Privilege Escalation Vulnerability in the Linux kernel


The image represents the concept of a vulnerability, such as CVE-2020-14386

Executive Summary

Lately, I’ve been investing time into auditing packet sockets source code in the Linux kernel. This led me to the discovery of CVE-2020-14386, a memory corruption vulnerability in the Linux kernel. Such a vulnerability can be used to escalate privileges from an unprivileged user into the root user on a Linux system. In this blog, I will provide a technical walkthrough of the vulnerability, how it can be exploited and how Palo Alto Networks customers are protected.

A few years ago, several vulnerabilities were discovered in packet sockets (CVE-2017-7308 and CVE-2016-8655), and there are some publications, such as this one in the Project Zero blog and this in Openwall, which give some overview of the main functionality.

Specifically, in order for the vulnerability to be triggerable, we need the kernel to have AF_PACKET sockets enabled (CONFIG_PACKET=y) and the CAP_NET_RAW privilege for the triggering process, which can be obtained in an unprivileged user namespace if user namespaces are enabled (CONFIG_USER_NS=y) and accessible to unprivileged users. Surprisingly, this long list of constraints is satisfied by default in some distributions, like Ubuntu.

Palo Alto Networks Cortex XDR customers can prevent this bug with a combination of the Behavioral Threat Protection (BTP) feature and Local Privilege Escalation Protection module, which monitor malicious behaviors across a sequence of events, and immediately terminate the attack when it is detected.

Technical Details

(All of the code figures on this section are from the 5.7 kernel sources.)

Due to the fact that the implementation of AF_PACKET sockets was covered in-depth in the Project Zero blog, I will omit some details that were already described in that article (such as the relation between frames and blocks) and go directly into describing the vulnerability and its root cause.

The bug stems from an arithmetic issue that leads to memory corruption. The issue lies in the tpacket_rcv function, located in (net/packet/af_packet.c) .

The arithmetic bug was introduced on July 19, 2008, in the commit 8913336 (“packet: add PACKET_RESERVE sockopt”). However, it became triggerable for memory corruption only in February 2016, in the commit 58d19b19cd99 (“packet: vnet_hdr support for tpacket_rcv“). There were some attempts to fix it, such as commit bcc536

(“net/packet: fix overflow in check for tp_reserve”) in May 2017 and commit edb58be (“packet: Don’t write vnet header beyond end of buffer”) in August 2017. However, those fixes were not enough to prevent memory corruption.

Let’s first have a look at the PACKET_RESERVE option:In order to trigger the vulnerability, a raw socket (AF_PACKET domain, SOCK_RAW type ) has to be created with a TPACKET_V2 ring buffer and a specific value for the PACKET_RESERVE option.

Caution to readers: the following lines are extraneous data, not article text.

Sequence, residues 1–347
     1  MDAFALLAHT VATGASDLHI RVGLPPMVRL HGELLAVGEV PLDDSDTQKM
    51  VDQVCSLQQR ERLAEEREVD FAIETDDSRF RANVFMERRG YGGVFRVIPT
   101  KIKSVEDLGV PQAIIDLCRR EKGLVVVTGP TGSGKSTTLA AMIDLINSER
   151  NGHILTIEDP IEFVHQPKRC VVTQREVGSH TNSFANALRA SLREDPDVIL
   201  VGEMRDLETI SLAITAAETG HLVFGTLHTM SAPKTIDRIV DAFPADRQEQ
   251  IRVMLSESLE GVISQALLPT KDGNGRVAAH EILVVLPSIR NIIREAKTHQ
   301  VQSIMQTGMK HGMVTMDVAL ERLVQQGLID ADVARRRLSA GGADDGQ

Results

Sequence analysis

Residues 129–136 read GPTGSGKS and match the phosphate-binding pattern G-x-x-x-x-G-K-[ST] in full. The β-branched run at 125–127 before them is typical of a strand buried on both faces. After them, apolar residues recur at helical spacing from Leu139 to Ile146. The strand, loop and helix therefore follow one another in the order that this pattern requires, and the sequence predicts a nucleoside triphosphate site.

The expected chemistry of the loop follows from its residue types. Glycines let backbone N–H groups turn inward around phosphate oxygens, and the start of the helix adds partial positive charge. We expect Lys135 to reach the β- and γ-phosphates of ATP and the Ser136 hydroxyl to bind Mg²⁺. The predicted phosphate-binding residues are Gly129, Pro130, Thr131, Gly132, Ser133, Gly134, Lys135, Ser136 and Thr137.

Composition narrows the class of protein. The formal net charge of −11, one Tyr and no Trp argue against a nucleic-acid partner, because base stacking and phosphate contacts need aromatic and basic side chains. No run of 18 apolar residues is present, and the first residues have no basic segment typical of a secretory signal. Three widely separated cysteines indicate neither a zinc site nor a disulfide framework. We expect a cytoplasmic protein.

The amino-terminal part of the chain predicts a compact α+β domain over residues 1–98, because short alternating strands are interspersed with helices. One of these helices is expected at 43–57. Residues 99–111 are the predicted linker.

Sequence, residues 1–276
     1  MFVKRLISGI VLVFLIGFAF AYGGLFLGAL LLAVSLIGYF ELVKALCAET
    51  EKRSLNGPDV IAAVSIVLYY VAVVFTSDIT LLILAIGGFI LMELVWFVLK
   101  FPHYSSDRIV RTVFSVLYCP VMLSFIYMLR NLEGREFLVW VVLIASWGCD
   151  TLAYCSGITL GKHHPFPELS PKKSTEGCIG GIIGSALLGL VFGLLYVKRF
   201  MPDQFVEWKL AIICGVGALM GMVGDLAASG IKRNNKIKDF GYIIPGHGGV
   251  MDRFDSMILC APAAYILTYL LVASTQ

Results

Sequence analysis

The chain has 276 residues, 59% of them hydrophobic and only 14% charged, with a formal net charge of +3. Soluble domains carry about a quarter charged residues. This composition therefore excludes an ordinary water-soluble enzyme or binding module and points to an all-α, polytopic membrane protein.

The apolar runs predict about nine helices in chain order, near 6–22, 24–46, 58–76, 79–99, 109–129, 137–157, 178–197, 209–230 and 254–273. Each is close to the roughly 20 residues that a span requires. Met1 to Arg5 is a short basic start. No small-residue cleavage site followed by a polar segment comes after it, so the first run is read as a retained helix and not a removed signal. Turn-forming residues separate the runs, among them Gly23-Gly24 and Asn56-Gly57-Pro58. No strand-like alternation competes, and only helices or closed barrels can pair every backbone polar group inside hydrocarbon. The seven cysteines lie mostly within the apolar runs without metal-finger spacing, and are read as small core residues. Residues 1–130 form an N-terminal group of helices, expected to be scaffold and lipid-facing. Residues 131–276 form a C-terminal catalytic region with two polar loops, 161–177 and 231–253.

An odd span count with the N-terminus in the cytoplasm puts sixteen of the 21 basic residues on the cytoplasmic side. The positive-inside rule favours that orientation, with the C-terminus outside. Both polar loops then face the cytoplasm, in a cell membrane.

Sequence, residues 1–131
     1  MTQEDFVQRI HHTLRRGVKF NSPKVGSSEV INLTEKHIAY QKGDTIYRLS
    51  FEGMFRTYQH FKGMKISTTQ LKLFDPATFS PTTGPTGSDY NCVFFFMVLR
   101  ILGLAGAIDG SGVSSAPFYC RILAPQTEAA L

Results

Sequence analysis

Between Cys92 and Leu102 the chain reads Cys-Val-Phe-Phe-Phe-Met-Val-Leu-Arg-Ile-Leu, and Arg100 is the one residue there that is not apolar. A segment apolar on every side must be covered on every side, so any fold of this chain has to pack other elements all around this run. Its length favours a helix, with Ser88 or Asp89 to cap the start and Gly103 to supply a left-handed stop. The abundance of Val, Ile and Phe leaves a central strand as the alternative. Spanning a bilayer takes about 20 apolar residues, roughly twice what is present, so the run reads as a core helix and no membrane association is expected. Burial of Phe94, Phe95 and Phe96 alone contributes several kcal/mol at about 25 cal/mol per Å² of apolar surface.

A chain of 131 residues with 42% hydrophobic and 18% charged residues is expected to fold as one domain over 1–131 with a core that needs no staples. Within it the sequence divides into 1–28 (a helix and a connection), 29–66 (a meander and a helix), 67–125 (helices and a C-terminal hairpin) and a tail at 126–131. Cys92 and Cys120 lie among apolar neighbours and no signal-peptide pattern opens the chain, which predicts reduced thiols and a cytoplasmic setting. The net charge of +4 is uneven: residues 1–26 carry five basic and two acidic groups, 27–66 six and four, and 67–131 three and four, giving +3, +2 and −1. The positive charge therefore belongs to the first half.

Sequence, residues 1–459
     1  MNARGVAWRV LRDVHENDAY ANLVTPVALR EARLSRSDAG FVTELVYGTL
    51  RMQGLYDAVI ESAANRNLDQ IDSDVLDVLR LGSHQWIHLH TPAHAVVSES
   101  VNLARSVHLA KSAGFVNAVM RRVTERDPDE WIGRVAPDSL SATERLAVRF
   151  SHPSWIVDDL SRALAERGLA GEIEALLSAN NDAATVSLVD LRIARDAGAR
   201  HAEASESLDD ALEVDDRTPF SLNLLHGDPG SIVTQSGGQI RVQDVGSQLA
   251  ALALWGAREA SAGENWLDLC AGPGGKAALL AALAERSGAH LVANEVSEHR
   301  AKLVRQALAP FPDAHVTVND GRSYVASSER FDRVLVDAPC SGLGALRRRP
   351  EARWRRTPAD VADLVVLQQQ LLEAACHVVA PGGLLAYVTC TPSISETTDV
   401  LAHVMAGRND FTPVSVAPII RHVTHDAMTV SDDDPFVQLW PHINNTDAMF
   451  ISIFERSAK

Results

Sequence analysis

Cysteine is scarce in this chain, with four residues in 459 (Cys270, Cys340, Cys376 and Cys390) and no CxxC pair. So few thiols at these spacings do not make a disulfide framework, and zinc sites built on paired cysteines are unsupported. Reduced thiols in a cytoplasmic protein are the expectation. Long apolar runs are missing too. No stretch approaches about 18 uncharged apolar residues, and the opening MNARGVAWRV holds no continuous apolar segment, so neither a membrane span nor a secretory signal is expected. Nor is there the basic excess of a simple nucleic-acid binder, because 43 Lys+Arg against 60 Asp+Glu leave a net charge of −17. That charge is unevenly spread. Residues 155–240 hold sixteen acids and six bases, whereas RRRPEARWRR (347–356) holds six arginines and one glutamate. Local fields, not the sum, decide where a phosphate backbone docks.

PACKET_RESERVE (with PACKET_RX_RING) - By default, a packet receive ring writes packets immediately following the metadata structure and alignment padding. This integer option reserves additional headroom.
(from https://man7.org/linux/man-pages/man7/packet.7.html)

The headroom that is mentioned in the manual is simply a buffer with size specified by the user, which will be allocated before the actual data of every packet received on the ring buffer. This value can be set from user-space via the setsockopt system call.

case PACKET_RESERVE:

{

unsigned int val;

if (optlen != sizeof(val))

return -EINVAL;

if (copy_from_user(&val, optval, sizeof(val)))

return -EFAULT;

if (val > INT_MAX)

return -EINVAL;

lock_sock(sk);

if (po->rx_ring.pg_vec || po->tx_ring.pg_vec) {

ret = -EBUSY;

} else {

po->tp_reserve = val;

ret = 0;

}

release_sock(sk);

return ret;

}

Figure 1. Implementation of setsockopt – PACKET_RESERVE

As we can see in Figure 1, initially, there is a check that the value is smaller than INT_MAX. This check was added in this patch to prevent an overflow in the calculation of the minimum frame size in packet_set_ring. Later, it’s verified that pages were not allocated for the receive/transmit ring buffer. This is done to prevent inconsistency between the tp_reserve field and the ring buffer itself.

After setting the value of tp_reserve, we can trigger allocation of the ring buffer itself via the setsockopt system call with optname of PACKET_RX_RING:

Create a memory-mapped ring buffer for asynchronous packet

reception.

Figure 2. From manual packet – PACKET_RX_RING option.

This is implemented in the packet_set_ring function. Initially, before the ring buffer is allocated, there are several arithmetic checks on the tpacket_req structure received from user-space:

min_frame_size = po->tp_hdrlen + po->tp_reserve;

if (unlikely(req->tp_frame_size < min_frame_size))

goto out;

Figure 3. Part of the sanity checks in the packet_set_ring function.

As we can see in Figure 3, first, the minimum frame size is calculated, and then it is verified versus the value received from user-space. This check ensures that there is space in each frame for the tpacket header structure (for its corresponding version) and tp_reserve number of bytes.

Later, after doing all the sanity checks, the ring buffer itself is allocated via a call to alloc_pg_vec:

order = get_order(req->tp_block_size);

pg_vec = alloc_pg_vec(req, order);

Figure 4. Calling the ring buffer allocation function in the packet_set_ring function.

As we can see from the figure above, the block size is controlled from user-space. The alloc_pg_vec function allocates the pg_vec array and then allocates each block via the alloc_one_pg_vec_page function:

static struct pgv *alloc_pg_vec(struct tpacket_req *req, int order)

{

unsigned int block_nr = req->tp_block_nr;

struct pgv *pg_vec;

int i;

pg_vec = kcalloc(block_nr, sizeof(struct pgv), GFP_KERNEL | __GFP_NOWARN);

if (unlikely(!pg_vec))

goto out;

for (i = 0; i < block_nr; i++) {

pg_vec[i].buffer = alloc_one_pg_vec_page(order);

Figure 5. alloc_pg_vec implementation.

The alloc_one_pg_vec_page function uses __get_free_pages in order to allocate the block pages:

static char *alloc_one_pg_vec_page(unsigned long order)

{

char *buffer;

gfp_t gfp_flags = GFP_KERNEL | __GFP_COMP |

__GFP_ZERO | __GFP_NOWARN | __GFP_NORETRY;

buffer = (char *) __get_free_pages(gfp_flags, order);

if (buffer)

return buffer;

Figure 6. alloc_one_pg_vec_page implementation.